This is picking up some themes from a post in October.
I always remember a conversation I had with my friend Tim on “A” staircase of Pembroke College, Cambridge, back in 1971. We were discussing some current issue over coffee, and I screwed up one eye sagely and said, “Ah, things would be different…”, expecting him to fill in the gap mentally with “…if it weren’t for the Lefties,” or “…if my parents had loved me” or some other amusing platitude.
Instead, he replied, “Ah, things would be different – if only they weren’t the same.” It still seems very profound to me. It certainly has relevance to one common argument for libertarian free will, which runs along the line that, if there’s any such thing as free will, then it must at least mean that “I could have chosen differently”.
But I think that holding that premise is, instead, one of the ways that a tricky issue (or maybe it would be simple if we were once truly enlightened) becomes absolutely intractable, leading us potentially to doubt God, our own humanity and more. It’s really another way of saying, “Things would be different, if only they weren’t the same”, which is as much as to wish for another world than the only one that actually exists. Maybe analytic philosophers can do useful work with the concept of “possible worlds”, but the fact is that, certain interpretations of quantum theory aside, we’re stuck with just the one.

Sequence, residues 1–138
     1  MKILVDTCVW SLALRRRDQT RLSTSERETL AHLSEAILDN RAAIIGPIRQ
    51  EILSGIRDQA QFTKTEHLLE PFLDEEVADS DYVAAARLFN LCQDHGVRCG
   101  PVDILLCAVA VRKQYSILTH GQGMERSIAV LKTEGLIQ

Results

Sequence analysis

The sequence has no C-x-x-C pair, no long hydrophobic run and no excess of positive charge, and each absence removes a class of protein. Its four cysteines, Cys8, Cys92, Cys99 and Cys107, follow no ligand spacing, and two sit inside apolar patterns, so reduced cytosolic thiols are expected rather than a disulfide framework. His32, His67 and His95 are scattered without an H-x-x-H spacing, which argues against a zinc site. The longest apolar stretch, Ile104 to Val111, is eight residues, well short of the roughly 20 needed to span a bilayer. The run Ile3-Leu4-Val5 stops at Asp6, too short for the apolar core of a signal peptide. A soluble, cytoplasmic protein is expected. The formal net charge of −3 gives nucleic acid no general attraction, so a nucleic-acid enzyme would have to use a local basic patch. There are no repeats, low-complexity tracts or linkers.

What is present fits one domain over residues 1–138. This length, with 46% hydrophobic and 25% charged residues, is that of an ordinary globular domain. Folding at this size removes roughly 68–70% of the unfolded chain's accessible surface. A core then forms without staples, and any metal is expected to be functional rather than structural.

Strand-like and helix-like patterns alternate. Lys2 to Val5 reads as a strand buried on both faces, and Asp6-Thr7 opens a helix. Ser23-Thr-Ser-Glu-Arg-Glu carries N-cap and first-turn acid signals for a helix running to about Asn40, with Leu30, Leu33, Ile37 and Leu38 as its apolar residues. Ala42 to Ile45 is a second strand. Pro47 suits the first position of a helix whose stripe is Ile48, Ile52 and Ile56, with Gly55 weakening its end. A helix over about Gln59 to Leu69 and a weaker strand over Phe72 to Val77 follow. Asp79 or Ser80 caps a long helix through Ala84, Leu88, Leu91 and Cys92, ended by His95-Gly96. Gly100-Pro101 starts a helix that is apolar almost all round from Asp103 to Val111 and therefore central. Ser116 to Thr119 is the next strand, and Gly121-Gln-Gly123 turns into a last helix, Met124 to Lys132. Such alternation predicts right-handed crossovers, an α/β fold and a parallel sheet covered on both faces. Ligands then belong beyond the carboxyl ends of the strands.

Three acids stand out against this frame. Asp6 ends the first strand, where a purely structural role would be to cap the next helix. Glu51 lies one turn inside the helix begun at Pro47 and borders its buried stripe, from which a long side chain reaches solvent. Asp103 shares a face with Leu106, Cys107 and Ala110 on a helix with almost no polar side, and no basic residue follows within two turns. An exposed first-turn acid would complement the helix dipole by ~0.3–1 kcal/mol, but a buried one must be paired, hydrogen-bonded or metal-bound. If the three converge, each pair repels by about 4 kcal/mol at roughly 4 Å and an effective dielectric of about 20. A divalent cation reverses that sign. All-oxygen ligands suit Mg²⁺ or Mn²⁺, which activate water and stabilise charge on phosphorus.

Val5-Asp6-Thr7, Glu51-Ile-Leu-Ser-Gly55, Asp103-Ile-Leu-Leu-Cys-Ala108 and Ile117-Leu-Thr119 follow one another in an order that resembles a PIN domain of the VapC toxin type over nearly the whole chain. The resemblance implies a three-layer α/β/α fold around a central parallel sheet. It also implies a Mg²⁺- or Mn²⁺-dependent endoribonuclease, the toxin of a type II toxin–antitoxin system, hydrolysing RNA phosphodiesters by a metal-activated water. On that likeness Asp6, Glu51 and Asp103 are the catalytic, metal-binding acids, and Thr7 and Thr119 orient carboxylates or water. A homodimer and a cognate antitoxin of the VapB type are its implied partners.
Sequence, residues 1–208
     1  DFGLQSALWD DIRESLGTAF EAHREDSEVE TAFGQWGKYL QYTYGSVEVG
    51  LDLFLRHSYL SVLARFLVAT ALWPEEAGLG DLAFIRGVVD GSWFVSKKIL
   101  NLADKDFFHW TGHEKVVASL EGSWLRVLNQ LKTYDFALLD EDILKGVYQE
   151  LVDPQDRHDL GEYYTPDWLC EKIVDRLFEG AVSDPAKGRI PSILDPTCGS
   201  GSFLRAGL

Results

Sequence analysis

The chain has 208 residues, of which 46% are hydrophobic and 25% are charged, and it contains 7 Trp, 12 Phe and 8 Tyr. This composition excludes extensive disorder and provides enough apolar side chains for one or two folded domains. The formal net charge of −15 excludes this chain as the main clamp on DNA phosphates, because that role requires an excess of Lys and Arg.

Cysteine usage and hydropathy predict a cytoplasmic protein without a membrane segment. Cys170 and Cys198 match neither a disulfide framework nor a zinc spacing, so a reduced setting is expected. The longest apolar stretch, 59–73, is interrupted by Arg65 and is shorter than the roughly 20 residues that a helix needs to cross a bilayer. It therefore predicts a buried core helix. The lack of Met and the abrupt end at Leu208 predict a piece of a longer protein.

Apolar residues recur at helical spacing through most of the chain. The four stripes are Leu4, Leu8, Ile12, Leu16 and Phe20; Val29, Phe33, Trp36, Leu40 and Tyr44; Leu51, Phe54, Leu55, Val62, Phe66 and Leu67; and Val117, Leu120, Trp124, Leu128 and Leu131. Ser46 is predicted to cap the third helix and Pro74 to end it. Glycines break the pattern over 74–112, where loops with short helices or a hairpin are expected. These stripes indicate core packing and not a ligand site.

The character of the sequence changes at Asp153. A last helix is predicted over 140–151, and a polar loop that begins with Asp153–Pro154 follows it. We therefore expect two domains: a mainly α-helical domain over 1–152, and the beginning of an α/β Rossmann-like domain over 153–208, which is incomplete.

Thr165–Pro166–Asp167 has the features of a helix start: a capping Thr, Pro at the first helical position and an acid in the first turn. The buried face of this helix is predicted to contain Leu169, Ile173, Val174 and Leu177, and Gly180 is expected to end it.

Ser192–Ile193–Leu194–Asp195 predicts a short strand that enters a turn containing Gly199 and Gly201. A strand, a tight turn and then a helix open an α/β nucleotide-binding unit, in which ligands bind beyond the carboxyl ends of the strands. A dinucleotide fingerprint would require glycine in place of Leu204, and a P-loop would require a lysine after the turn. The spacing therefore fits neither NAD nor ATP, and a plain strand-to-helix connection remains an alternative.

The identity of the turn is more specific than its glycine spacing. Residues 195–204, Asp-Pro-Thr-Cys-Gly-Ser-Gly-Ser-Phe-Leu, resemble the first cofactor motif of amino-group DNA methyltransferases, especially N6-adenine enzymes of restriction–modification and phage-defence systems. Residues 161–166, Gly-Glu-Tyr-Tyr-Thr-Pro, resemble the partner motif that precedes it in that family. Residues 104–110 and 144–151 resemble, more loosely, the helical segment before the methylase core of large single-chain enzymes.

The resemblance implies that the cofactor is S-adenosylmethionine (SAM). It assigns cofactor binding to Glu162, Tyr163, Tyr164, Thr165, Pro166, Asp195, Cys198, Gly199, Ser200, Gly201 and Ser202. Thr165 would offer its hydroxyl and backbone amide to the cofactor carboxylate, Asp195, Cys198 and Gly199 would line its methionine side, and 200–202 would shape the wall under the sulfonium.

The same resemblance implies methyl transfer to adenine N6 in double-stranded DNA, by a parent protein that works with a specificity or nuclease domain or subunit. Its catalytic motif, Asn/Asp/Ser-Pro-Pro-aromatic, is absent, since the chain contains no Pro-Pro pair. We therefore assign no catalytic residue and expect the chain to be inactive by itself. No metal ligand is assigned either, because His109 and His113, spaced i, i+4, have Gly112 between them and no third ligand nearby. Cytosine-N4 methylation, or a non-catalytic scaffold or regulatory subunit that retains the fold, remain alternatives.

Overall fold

So, let’s pretend that in this real world (only it’s a pretend one, of course!) I made some decision of neither trivial nor cataclysmic, but moderate, importance. A friend offered me an investment opportunity, but after deliberation I took a cautious line and declined to get involved. A week later, all my friends became millionaires and I was still struggling to put food on the table.
In the first place, it clearly won’t do for me to go to my friend and plead to get in on the act because “I might have chosen differently.”
He’s just going to reply, “But you didn’t, did you?”
Fortunately for me, I have a spare “possible world” – in fact, any number of them – and we can re-run the event again to see if I can wangle at least a possible fortune. This one is exactly the same world, with the same friend, the same me, the same offer. So what is there about it that will enable me to choose differently? I make the same deliberations on the same evidence, consider the same pros and cons, possess the same inherent mix of caution and courage. As far as I can see, I’ll make the same decision. And I’ll make it as many times as exactly the same antecedents apply.